The SteelSeries QCK Prism mousepad is pointless yet amazing

I have a confession to make before we start this thing: I've never used a mousepad with any form of lighting or smart functions. I've always relied on simple mats that offer great performance at an affordable price. Overlooking many options that have come to market, I was intrigued when SteelSeries launched the QCK Prism and so here we are. After spending some time with the mousepad, I feel it's time I shared my thoughts.

The light show

SteelSeries QCK Prism

We first need to talk about the elephant in the room, which is the RGB lighting. Sure, I hear you. It's RGB lighting on a mousepad, something Razer thought the world needed with the Firefly. Thing is, it works really well here with SteelSeries' offering. Making full use of 12 independent zones around the inner edge of the hard plastic shell, you can control and manipulate the lighting with different colors and effects.

My personal favorite is the multi-color breath effect, which cycles through the spectrum in a clockwise motion. It's a neat effect, especially late at night when one has other LED lighting enabled. It's all done in a way that doesn't make the mousepad look cheap. First impressions aren't "what on Earth is the point of this" but rather "what an interestingly subtle effect."

SteelSeries QCK Prism

But it wouldn't be quite special enough with simple lighting effects that you can manipulate, which is why the company also opted to include support for GameSense event-based effects. Should you be enjoying a title that is compatible with GameSense, you'll be able to configure the lighting to react to events such as low ammo, health, kills, cooldown timers, and more. Pairing up the QCK Prism with other GameSense SteelSeries products would result in quite the light show.

Supporting mice

SteelSeries QCK Prism

Lighting is a cool feature and all, but a mousepad needs to function properly and work wonders with pointers to be worth the investment, and the QCK Prism is a solid-performing mousepad. SteelSeries supplies a double-sided surface that can be removed from the outer shell swapped over. This not only makes it easy to clean the surfaces themselves (without having to unplug the mousepad), it also gives owners the choice between a hard and cloth surface.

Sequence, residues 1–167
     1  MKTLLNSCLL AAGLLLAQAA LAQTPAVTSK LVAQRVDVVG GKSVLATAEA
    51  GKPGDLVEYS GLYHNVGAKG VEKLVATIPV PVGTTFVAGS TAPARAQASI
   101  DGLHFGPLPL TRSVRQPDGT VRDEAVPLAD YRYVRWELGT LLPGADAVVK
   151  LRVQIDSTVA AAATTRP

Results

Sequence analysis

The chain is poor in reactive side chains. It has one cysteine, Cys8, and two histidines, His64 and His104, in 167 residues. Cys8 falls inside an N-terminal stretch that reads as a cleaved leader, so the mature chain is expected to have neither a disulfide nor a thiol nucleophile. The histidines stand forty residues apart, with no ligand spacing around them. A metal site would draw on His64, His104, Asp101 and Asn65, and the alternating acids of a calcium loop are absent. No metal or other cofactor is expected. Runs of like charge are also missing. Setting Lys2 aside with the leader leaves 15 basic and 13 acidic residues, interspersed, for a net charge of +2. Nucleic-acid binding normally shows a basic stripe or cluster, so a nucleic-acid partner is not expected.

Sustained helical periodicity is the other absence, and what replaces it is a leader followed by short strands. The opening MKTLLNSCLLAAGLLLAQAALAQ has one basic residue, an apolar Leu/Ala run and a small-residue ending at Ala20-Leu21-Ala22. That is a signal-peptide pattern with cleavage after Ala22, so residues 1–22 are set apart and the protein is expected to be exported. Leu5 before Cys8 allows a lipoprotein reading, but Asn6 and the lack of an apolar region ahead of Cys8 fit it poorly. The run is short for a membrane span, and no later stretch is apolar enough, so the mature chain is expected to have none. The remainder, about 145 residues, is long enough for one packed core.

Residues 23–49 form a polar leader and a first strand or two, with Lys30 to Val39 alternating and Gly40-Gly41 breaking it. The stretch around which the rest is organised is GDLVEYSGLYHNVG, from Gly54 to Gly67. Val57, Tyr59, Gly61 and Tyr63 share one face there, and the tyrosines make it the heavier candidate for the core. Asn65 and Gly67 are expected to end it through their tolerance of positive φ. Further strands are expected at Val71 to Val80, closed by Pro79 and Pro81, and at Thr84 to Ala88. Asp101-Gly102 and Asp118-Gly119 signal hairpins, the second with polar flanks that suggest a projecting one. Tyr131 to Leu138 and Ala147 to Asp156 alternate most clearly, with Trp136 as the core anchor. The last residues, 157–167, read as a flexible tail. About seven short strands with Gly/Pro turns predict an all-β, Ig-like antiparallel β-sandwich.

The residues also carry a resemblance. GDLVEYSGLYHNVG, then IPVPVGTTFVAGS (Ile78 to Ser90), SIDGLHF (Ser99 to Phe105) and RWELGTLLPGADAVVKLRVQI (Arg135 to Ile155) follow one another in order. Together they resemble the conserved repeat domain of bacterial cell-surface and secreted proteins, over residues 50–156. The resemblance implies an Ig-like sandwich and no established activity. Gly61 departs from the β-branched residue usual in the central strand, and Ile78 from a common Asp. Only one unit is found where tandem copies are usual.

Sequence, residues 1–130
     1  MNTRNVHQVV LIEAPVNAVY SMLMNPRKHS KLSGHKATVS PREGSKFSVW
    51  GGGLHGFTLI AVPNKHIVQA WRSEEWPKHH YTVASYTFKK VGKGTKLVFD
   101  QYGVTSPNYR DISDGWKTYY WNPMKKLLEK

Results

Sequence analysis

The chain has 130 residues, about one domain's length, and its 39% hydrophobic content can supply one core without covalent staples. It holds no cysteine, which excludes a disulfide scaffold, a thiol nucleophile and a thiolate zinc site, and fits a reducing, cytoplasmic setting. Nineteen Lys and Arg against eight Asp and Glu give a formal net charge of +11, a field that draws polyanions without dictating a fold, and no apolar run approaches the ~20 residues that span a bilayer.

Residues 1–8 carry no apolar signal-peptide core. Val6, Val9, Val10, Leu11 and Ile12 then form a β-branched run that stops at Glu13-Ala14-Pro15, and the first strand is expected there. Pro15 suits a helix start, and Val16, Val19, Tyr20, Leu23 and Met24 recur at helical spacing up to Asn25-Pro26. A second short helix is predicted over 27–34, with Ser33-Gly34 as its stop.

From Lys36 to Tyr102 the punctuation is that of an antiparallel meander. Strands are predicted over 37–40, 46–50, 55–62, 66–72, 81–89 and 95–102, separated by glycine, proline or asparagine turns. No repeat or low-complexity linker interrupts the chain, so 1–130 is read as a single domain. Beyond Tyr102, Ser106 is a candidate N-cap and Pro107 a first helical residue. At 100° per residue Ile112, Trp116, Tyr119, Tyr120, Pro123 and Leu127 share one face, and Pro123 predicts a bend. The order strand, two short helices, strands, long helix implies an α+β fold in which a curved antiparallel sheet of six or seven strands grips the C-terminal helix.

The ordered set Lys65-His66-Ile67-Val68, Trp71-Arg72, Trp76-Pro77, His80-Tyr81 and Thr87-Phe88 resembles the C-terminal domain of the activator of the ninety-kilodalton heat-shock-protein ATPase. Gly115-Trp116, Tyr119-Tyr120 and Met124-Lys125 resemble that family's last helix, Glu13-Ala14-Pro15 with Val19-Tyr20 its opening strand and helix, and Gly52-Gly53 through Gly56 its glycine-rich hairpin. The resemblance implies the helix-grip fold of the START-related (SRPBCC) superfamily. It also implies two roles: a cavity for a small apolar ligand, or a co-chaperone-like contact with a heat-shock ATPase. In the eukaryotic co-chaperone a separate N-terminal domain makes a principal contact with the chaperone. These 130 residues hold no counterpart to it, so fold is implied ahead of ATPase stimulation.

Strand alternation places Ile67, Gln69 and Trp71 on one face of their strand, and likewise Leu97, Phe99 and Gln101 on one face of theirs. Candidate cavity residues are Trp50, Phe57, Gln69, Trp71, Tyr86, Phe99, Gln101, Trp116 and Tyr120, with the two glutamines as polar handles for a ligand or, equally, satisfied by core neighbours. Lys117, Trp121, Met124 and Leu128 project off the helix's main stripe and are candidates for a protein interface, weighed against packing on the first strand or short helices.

Testing both laser and optical mice, both surfaces serve their purpose without issue with good mouse accuracy and movement. The rubber base ensures the unit will not move around the desk. There's honestly not much more one can say other than it's a solid mousepad that works just as one would expect.

SteelSeries QCK Prism

SteelSeries has also thought about placing the housing for electronics and cabling throughout design and development stages. You'll find the USB cable and all circuitry located in the corner of the mousepad. This prevents both from interfering with cabling from your mouse, which can be a minor issue with the Razer Firefly. After you've stopped gazing at the show, it's good to know you'll actually be able to use it as a mousepad.

Should you buy it?

SteelSeries QCK Prism

Honestly, I don't believe anyone really needs this type of accessory and any high-quality mousepad will more than suffice, but the same could be said for cases with LEDs or mice, keyboards, and other peripherals and components. If you have $60 to spare for a mousepad then you could do much worse than the QCK Prism. Thankfully, SteelSeries hasn't sacrificed functionality over looks.

It's easy to clean, simple to use, hooks up to the company's software suite, and actually, performs really well as a surface for your pointer. The only question is whether or not you believe the $60 is justified. Personally, I'd like to see if more competitively priced but fans of SteelSeries may not mind the premium.


  • LED lighting is stunning.
  • Both sides of the surface are high-quality.
  • Sturdy build.


  • Expensive.
  • With it being USB-powered, I would have liked to see a port on the side.

See at Amazon

Rich Edmonds
Senior Editor, PC Build

Rich Edmonds was formerly a Senior Editor of PC hardware at Windows Central, covering everything related to PC components and NAS. He's been involved in technology for more than a decade and knows a thing or two about the magic inside a PC chassis. You can follow him on Twitter at @RichEdmonds.